Thursday, November 25

Happy T-Day, George Catlin with the Mandan Indians

This painting depicts a Mandan Mid-Summer Ceremony. Possibly the last time it was captured by illustration. From the Upper Missouri 1932.

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Catlin's most significant contribution was to record in image and in print the mid-summer ceremony of the O-kee-pa based on his first hand observation. The significance of this work lies in the fact that it is first hand documentation unavailable after 1837. Catlin was one of very few Whites who ever witnessed the ceremonies. In 1837 smallpox was introduced to the Northern Plains. On June 18 of that year, the American Fur Company Steamboat St. Peters arrived at Fort Clark, carrying contaminated goods and infected individuals. The disease spread across the Northern Plains to the Northwest Coast and into Alaska, becoming a pandemic which killed perhaps as many as half a million people before fading out by 1840. The Mandan may have numbered 2,000 before the epidemic, but by January 1838, less than 100 remained.
Poof, another Heathen culture stomped out in the service of the Lord. Some more documentation regarding the Smallpox epidemic.
In 1837, the Mandan were especially hard hit by smallpox, perhaps because they remained in their fortified villages, fearing attack by hostile Sioux if they left.

The great Mandan chief Four Bears maintained friendly relations with whites throughout his life. He befriended two influential frontier artists who painted his portrait and praised his virtues, George Catlin and Karl Bodmer.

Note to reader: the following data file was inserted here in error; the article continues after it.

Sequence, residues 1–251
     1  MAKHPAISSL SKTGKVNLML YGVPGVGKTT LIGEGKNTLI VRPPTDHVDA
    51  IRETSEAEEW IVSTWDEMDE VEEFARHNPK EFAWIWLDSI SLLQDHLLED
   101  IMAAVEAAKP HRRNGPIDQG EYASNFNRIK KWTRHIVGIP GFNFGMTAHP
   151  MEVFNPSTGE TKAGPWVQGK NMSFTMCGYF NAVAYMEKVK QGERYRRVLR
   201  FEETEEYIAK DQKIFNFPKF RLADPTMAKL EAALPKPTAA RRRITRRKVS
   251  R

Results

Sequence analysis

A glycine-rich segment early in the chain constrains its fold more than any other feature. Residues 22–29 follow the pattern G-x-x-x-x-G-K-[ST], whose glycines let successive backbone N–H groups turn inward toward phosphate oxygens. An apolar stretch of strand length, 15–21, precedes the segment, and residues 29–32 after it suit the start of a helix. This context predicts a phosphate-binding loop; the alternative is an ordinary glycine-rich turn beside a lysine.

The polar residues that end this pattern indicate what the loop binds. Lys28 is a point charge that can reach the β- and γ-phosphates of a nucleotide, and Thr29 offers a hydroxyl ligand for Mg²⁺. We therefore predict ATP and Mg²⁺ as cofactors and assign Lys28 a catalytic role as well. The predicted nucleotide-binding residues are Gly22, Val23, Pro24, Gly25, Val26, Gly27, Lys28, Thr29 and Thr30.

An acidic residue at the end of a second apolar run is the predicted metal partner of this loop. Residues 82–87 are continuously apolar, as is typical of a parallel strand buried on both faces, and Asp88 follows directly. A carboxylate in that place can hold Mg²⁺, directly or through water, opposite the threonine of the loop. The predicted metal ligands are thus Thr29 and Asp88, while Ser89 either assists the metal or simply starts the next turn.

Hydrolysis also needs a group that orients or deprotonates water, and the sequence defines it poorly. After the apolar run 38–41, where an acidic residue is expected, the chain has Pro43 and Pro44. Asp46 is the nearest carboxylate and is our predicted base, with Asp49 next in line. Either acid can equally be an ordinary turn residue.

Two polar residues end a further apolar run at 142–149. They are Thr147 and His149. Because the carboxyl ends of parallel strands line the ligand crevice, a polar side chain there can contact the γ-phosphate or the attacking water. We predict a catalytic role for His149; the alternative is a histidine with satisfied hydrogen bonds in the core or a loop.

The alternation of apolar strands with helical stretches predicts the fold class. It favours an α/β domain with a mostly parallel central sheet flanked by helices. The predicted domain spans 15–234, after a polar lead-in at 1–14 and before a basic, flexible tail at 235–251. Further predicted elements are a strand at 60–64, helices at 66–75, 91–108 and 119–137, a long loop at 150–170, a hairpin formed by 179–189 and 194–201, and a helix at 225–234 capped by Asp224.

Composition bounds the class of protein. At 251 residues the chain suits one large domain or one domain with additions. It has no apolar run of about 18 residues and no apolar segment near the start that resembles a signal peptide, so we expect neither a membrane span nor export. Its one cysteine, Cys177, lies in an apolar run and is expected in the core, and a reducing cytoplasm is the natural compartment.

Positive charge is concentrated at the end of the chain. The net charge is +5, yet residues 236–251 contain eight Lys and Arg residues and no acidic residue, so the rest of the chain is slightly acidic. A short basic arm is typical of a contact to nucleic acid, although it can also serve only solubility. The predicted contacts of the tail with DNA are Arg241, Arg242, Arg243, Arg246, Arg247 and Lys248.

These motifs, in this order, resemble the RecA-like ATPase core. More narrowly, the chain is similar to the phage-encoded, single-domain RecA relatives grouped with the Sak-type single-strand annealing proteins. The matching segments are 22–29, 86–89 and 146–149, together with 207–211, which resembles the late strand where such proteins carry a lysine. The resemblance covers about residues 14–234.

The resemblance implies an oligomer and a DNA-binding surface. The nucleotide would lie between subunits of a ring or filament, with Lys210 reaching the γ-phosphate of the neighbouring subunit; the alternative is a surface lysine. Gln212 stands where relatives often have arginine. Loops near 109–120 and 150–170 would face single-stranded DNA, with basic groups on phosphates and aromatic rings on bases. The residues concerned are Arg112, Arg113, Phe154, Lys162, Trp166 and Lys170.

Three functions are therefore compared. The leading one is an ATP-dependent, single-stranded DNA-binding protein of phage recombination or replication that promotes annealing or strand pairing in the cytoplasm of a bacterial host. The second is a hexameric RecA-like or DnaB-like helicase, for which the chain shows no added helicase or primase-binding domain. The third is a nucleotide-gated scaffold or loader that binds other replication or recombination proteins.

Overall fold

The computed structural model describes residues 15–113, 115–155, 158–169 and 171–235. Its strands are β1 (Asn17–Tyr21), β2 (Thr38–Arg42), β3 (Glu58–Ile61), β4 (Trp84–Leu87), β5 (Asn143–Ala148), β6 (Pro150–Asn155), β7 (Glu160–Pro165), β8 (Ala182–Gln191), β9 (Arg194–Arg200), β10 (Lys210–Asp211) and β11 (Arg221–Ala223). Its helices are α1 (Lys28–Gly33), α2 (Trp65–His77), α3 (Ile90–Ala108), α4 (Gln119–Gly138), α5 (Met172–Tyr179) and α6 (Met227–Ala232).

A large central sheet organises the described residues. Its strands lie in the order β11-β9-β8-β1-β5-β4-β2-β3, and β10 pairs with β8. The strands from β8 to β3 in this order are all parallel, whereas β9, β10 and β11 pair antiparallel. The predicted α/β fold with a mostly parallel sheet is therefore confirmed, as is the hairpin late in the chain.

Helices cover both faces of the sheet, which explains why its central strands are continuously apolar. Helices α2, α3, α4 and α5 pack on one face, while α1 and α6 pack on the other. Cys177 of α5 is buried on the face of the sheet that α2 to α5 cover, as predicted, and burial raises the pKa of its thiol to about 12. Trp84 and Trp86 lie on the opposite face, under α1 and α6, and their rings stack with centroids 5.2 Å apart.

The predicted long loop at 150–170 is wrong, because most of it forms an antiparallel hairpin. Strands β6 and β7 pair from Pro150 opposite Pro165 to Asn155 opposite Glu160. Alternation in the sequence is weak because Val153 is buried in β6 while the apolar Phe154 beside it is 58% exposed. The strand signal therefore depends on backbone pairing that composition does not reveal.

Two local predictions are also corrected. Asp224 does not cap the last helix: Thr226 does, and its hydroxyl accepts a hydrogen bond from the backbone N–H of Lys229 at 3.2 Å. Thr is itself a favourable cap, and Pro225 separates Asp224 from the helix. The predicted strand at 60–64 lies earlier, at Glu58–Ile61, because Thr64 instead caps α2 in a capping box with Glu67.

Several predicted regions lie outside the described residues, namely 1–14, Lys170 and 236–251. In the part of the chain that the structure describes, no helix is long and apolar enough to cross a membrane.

But his views of whites changed after smallpox brought agonizing death to many of his people.

A fur trader named Francis Chardon kept a journal of events at Fort Clark, a trading post along the Missouri near the villages of the Mandan, Hidatsa and Arikara.

Symptoms usually announced themselves with a sharp headache. By the end of September, Chardon estimated that seven-eighths of the Mandan and half of the Hidatsa and Arikara were dead.

The bodies piled up so quickly, and the survivors were so distressed, that many weren’t buried. Very few survived.

One of the many who perished was Four Bears, whose bitter dying statement Chardon took down in his journal on July 28, 1837:

My friends one and all, listen to what I have to say -- Ever since I can remember, I have loved the whites.
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I have lived with them ever since I was a boy, and to the best of my knowledge, I have never wronged the white man; on the contrary, I have always protected them from the insults of others, which they cannot deny. …

I have done everything that a red skin could do for them, and how have they repaid it! With ingratitude! … I have been in many battles, and often wounded, but the wounds of my enemies I exalt in, but today I am wounded, and by whom? By those same white Dogs that I have always considered, and treated as Brothers.

I do not fear Death, my friends. You know it, but to die with my face rotten, that even the Wolves will shrink with horror at meeting me, and say to themselves, that is the Four Bears, the friend of the whites. ...

Think of your wives, children, brothers, sisters, friends, and in fact all that you hold dear, are all dead, or dying, with their faces all rotten caused by those dogs the whites, think of all that my friends, and rise up all together and not leave one of them alive. The 4 Bears will act his part.
The above is a painting of Four Bears before he succomed to the pox.. I guess you could say tht we are getting off easy, though it is not easy to swallow.